I think it’s safe to assume that winter has finally left (don’t look at me like that – we saw snow as recently as mid-April). Our crocuses and other bulbs, along with the deciduous shrubs and the raspberry canes, are thumbing their figurative noses at the chill that’s lingering and pretending the bright sun is actually doing something.
The chives are always the first to pop up. While the oregano and thyme hold back, demanding more heat than the world around them is giving right now, the chives are up and ready to party. My daughter snacks on them whenever she’s outside, so it’s good that they’re so willingly prolific. She spends much of early spring stinking of their oniony goodness. Continue reading →
Canadian readers will know what I’m talking about when I say “Festive Special.” Every Christmas, a chain called Swiss Chalet offers their quarter chicken dinner with cranberry sauce and a spongy, sage laden side that they call stuffing. It’s sub-par, but the real draw is the package of 5 assorted Lindor chocolates that it comes with. Dark, milk, hazelnut, white and stracciatella, an orb of white chocolate enrobed in more white chocolate, studded with chocolate shards.
Camino unsweetened chocolate, chopped into a pile of delicious shards, ready to create the stracciatella effect.
Hi there. It’s been a bit, hasn’t it? It feels like it, anyway. I try to put out a post a week, but sometimes some part of the journey takes me somewhere else. First, we played ‘ring around the head cold,’ with the kids picking up and passing along one after another. I finally succumbed last week, with a less than pleasant combination of tongue swelling, sore throat, congestion and overall zombie-brain hitting me.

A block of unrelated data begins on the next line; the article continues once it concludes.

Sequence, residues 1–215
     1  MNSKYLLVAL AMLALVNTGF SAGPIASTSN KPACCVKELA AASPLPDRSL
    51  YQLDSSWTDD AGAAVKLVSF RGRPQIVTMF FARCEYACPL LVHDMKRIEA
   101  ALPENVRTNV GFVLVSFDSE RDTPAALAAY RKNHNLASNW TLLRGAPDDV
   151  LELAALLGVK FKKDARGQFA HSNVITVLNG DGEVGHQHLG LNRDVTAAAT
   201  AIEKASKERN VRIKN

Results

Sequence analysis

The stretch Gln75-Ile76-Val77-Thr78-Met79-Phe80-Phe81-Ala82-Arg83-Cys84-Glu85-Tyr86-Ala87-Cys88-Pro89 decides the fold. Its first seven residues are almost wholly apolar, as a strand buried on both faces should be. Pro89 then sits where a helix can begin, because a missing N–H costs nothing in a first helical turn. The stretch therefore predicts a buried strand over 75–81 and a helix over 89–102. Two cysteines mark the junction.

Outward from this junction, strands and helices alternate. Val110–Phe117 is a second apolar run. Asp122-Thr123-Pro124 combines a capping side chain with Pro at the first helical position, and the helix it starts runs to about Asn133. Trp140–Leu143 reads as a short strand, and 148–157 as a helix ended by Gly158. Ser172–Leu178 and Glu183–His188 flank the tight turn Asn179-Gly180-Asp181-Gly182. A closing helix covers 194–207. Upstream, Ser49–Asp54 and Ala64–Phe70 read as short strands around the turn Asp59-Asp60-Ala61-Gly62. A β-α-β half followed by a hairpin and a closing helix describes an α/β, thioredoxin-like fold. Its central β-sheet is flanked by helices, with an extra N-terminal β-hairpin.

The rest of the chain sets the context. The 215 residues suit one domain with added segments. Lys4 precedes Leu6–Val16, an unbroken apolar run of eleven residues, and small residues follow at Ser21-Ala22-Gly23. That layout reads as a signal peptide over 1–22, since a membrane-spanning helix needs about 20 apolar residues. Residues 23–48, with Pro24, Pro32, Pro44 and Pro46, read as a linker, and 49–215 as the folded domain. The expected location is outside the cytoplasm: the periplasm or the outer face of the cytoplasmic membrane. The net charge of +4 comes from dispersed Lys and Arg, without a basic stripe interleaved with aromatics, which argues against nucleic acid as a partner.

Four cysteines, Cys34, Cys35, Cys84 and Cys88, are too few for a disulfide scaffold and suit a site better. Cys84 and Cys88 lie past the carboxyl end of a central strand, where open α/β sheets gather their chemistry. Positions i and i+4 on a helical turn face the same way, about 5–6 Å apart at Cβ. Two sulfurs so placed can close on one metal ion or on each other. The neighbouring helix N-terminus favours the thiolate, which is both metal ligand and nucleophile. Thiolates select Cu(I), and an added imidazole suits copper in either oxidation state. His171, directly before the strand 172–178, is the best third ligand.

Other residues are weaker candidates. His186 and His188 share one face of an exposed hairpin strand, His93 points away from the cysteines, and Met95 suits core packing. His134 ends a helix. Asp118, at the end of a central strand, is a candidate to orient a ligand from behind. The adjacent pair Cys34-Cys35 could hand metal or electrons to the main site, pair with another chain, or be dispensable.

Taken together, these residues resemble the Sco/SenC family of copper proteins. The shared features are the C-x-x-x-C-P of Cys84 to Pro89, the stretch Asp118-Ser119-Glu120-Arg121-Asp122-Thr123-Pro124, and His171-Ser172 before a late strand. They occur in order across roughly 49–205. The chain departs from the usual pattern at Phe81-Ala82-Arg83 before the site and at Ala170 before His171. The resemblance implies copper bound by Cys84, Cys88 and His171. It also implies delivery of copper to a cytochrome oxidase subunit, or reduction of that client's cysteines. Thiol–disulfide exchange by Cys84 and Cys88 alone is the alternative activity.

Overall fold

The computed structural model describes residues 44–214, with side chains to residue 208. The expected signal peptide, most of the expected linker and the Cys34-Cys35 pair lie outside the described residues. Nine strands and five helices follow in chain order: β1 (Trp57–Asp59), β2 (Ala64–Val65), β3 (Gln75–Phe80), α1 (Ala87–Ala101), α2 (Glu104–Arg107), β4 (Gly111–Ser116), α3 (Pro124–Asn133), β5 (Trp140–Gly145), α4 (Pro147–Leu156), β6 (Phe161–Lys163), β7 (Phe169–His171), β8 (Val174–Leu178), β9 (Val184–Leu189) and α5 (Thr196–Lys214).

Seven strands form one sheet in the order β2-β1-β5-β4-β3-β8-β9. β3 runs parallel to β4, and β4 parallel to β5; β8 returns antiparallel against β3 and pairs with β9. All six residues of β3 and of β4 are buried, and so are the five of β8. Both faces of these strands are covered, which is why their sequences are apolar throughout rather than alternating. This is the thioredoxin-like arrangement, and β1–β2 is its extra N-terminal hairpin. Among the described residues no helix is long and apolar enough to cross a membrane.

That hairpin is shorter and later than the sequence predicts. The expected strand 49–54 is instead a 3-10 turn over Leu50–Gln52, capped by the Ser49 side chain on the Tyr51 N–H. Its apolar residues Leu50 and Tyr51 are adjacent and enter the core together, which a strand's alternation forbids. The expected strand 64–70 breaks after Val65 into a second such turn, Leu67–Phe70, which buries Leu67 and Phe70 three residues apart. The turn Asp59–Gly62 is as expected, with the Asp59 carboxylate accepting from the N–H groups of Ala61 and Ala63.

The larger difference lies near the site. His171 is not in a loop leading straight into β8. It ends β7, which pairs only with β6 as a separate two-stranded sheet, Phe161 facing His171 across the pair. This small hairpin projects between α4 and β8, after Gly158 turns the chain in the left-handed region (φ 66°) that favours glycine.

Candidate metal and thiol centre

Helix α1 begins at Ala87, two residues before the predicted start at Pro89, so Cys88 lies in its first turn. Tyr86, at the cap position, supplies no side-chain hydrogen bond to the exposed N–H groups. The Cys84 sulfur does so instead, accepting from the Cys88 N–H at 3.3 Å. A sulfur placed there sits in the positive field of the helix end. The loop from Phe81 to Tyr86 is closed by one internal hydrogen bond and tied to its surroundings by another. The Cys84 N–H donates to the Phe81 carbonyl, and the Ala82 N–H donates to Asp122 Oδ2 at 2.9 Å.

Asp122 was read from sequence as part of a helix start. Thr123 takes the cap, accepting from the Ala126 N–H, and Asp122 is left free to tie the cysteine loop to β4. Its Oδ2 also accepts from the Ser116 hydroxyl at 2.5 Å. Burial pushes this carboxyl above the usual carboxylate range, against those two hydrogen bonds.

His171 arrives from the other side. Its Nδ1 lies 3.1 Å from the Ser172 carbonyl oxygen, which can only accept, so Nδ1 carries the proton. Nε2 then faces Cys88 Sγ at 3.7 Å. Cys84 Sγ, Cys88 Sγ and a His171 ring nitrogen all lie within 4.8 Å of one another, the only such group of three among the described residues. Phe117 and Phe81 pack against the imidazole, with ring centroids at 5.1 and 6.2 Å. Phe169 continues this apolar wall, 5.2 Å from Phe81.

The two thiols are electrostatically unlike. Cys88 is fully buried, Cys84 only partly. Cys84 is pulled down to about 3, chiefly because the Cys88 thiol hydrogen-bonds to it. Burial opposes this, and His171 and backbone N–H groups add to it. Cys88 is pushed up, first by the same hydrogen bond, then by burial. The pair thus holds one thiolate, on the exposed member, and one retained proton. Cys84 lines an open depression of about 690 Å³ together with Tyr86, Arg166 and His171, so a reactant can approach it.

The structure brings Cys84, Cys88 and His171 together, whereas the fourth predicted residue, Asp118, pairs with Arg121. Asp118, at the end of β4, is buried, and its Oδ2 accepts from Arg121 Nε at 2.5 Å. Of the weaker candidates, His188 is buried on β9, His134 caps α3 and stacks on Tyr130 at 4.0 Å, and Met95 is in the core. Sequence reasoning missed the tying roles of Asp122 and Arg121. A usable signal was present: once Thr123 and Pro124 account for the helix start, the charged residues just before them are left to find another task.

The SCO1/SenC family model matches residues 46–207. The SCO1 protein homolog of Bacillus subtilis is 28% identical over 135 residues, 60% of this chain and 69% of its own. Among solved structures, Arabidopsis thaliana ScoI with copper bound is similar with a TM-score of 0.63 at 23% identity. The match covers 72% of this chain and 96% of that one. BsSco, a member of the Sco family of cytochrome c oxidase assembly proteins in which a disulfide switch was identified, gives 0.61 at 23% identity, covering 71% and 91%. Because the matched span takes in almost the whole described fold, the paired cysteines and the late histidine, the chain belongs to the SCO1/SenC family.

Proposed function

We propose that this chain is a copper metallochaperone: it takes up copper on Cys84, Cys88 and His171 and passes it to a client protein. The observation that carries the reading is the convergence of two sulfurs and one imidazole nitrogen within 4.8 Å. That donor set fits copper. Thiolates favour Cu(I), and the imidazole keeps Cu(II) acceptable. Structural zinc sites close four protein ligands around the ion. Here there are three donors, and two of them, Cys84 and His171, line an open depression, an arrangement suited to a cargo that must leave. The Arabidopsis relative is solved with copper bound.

We ordered a bone in “quarter ham” from a local farm for Easter. Growing up, we always had ham for Easter dinner. I don’t know where the tradition comes from (Oh Google… Be a dear and fetch that info for me, would you?). Okay, so it’s an American thing. The fresh pork slaughtered in the autumn wouldn’t keep until spring, so what wasn’t consumed was cured. Curing is not a quick process, so the first hams would be ready around the same time that Easter came along, making them the obvious choice to be the meat at the meal. Thank you, Google. Continue reading →